Overview

Distribution

Also distributed in Marshall Islands, Gilbert Islands, Tuamotus, Guam, Seleo Island, New Caledonia (Clark, 1954); bay of Bengal, East Indies, north Australia, Philippine, China, south Japan, South Pacific Is. And Hawaiian Is. (Clark & Rowe, 1971); Australia (Rowe & Gates, 1995), Lakshadweep (India)(Sastry, 1991). General distribution: tropical, east Indo-Pacific Ocean, depth range 0-30 m. (Rowe & Gates, 1995); from Lakshadweep (India) to Hawaiian Islands (Sastry, 1991). Ecology: benthic, inshore (Rowe & Gates, 1995).
  • Rowe, F.W.E & Gates, J. (1995). Echinodermata. In ‘Zoological Catalogue of Australia’. 33 (Ed A. Wells.) pp xiii + 510 (CSIRO Australia, Melbourne.)
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© WoRMS for SMEBD

Source: World Register of Marine Species

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Ecology

Habitat

Depth range based on 123 specimens in 5 taxa.
Water temperature and chemistry ranges based on 111 samples.

Environmental ranges
  Depth range (m): 1 - 68.5827
  Temperature range (°C): 23.980 - 28.954
  Nitrate (umol/L): 0.033 - 2.103
  Salinity (PPS): 34.131 - 36.142
  Oxygen (ml/l): 4.135 - 4.932
  Phosphate (umol/l): 0.081 - 0.301
  Silicate (umol/l): 0.667 - 6.713

Graphical representation

Depth range (m): 1 - 68.5827

Temperature range (°C): 23.980 - 28.954

Nitrate (umol/L): 0.033 - 2.103

Salinity (PPS): 34.131 - 36.142

Oxygen (ml/l): 4.135 - 4.932

Phosphate (umol/l): 0.081 - 0.301

Silicate (umol/l): 0.667 - 6.713
 
Note: this information has not been validated. Check this *note*. Your feedback is most welcome.

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Life History and Behavior

Growth

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Supplier: Katja Schulz

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Molecular Biology and Genetics

Molecular Biology

Statistics of barcoding coverage: Culcita novaeguineae

Barcode of Life Data Systems (BOLDS) Stats
Public Records: 0
Specimens with Barcodes: 3
Species With Barcodes: 1
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© Barcode of Life Data Systems

Source: Barcode of Life Data Systems (BOLD)

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Genomic DNA is available from 10 specimens with morphological vouchers housed at Florida Museum of Natural History
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© Ocean Genome Legacy

Source: Ocean Genome Resource

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Wikipedia

Culcita novaeguineae

Culcita novaeguineae (common name, cushion star) is a species of starfish. It has short arms and an inflated appearance and resembles a pentagonal pincushion. It is variable in colour and can be found in tropical warm waters in the Indo-Pacific.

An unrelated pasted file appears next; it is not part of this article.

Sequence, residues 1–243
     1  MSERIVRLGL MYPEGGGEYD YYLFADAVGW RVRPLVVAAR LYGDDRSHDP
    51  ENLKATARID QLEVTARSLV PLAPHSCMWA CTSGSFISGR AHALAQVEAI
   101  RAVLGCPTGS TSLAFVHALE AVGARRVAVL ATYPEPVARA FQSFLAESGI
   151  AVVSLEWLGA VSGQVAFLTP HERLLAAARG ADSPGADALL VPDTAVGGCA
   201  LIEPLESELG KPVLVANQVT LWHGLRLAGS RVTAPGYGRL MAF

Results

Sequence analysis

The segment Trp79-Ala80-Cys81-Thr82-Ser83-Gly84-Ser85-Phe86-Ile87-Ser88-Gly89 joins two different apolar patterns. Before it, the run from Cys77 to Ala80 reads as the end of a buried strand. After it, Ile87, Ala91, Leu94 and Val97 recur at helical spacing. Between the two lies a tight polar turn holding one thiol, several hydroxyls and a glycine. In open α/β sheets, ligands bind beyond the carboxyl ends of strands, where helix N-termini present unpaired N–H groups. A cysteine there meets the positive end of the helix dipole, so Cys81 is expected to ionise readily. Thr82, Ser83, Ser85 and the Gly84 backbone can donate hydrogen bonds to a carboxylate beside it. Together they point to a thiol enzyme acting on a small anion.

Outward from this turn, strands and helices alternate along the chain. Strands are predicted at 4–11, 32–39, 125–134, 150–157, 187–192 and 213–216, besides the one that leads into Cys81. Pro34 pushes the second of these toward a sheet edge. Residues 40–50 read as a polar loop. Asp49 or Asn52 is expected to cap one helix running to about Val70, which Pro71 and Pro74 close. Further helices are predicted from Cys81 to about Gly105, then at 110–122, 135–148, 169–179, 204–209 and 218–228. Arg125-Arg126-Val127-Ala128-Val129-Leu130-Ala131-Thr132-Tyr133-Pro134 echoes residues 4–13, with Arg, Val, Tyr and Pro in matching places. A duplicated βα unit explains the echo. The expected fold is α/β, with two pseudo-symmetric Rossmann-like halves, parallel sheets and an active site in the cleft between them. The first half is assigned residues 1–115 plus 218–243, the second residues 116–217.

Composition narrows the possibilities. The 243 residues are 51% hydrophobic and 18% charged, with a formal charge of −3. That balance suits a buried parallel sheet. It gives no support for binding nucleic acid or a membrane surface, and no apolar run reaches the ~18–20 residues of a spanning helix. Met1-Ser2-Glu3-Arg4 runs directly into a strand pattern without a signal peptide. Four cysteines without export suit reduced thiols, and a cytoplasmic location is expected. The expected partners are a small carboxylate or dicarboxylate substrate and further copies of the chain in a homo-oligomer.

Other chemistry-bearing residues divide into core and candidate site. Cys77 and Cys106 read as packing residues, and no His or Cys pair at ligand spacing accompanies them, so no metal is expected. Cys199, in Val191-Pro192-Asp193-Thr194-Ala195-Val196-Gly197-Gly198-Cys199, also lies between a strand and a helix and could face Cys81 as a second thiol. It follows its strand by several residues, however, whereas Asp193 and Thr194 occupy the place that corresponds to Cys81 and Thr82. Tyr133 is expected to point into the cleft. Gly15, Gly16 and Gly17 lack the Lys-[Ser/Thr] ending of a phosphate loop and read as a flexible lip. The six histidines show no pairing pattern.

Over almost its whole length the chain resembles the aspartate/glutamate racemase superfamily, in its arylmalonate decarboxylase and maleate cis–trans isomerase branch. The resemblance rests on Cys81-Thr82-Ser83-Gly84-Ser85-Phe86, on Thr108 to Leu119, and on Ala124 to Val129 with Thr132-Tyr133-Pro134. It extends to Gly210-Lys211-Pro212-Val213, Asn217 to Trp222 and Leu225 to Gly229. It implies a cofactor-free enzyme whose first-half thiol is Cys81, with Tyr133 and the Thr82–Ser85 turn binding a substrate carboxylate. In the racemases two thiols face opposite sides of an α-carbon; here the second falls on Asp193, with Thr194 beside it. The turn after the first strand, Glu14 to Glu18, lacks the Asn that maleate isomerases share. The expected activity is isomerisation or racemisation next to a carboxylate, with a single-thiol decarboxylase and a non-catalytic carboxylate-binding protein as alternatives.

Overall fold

Taxonomy[edit]

C. novaeguineae has numerous synonyms, at least in part because it has a "goniasterid" phase; the juveniles exhibit little resemblance to the mature form, and gradually change in morphology as they grow. A number of different "species" were described in the literature before they were found to be different developmental stages of the same species. Some were even considered to be in a different family, the Goniasteridae, rather than in the correct family, Oreasteridae.[2]

Description[edit]

A Cushion star in Apo Reef, Philippines.

A mature C. novaeguineae is pentagonal in shape with an inflated appearance and much-abbreviated arms. It can grow to a diameter of 30 cm (12 in). Rows of tube feet are on the underside, and it has a central mouth. The colour is very variable and includes a mottling with darker and lighter shades of fawn, brown, orange, yellow and green.[3] The armoured body wall is made of calcareous ossicles which are supported internally by pillars which buttress the ambulacra. The armouring contains pits into which the tube feet can be retracted. The body cavity is filled with water.[4] Small cushion stars are very different in appearance. They are star-shaped, with five short, broad arms and a low profile. As they grow, the inter-arm areas fill in and expand relative to the tube-feet areas, and the arms get shorter relative to the disc which becomes inflated and more massive.[2]

Distribution[edit]

C. novaeguineae is found in the Indian and Pacific Oceans. Its range extends from Madagascar and the Seychelles to the Philippines, New Guinea (for which it is named), Australia and Hawaii.[1]

Biology[edit]

C. novaeguineae feeds on detritus and small invertebrates, including stony corals.[3] It can be kept in a reef aquarium of sufficient size stocked with suitable corals on which it can feed.[5]

Ecology[edit]

A number of organisms live in or on C. novaeguineae. The small shrimp Periclimenes soror lives as a commensal hiding under the cushion star.[3] Astroxynus culcitae, Stellicola oreastriphilus and Stellicola parvulipes are copepods which live parasitically on the outside of the cushion star.[1] The star pearlfish (Carapus mourlani) sometimes lives as a commensal inside the cushion star, working its way into the large body cavity through an ambulacral groove and emerging periodically to feed.[6]

Synonyms[edit]

  • Anthenea spinulosa (Gray, 1847)
  • Culcita grex Müller & Troschel, 1842
  • Culcita pentagularis Gray, 1847
  • Culcita pentangularis Gray, 1847
  • Culcita pulverulenta Perrier, 1869
  • Goniaster multiporum Hoffman in Rowe, 1974
  • Goniaster sebae (Muller & Troschel, 1842)
  • Goniodiscides sebae (Müller & Troschel, 1842)
  • Goniodiscus sebae Müller & Troschel, 1842
  • Hippasteria philippinensis Domantay & Roxas, 1938
  • Hosia spinulosa Gray, 1847
  • Pentagonaster spinulosus (Gray, 1847)
  • Randasia granulata Gray, 1847[1]

References[edit]

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Source: Wikipedia

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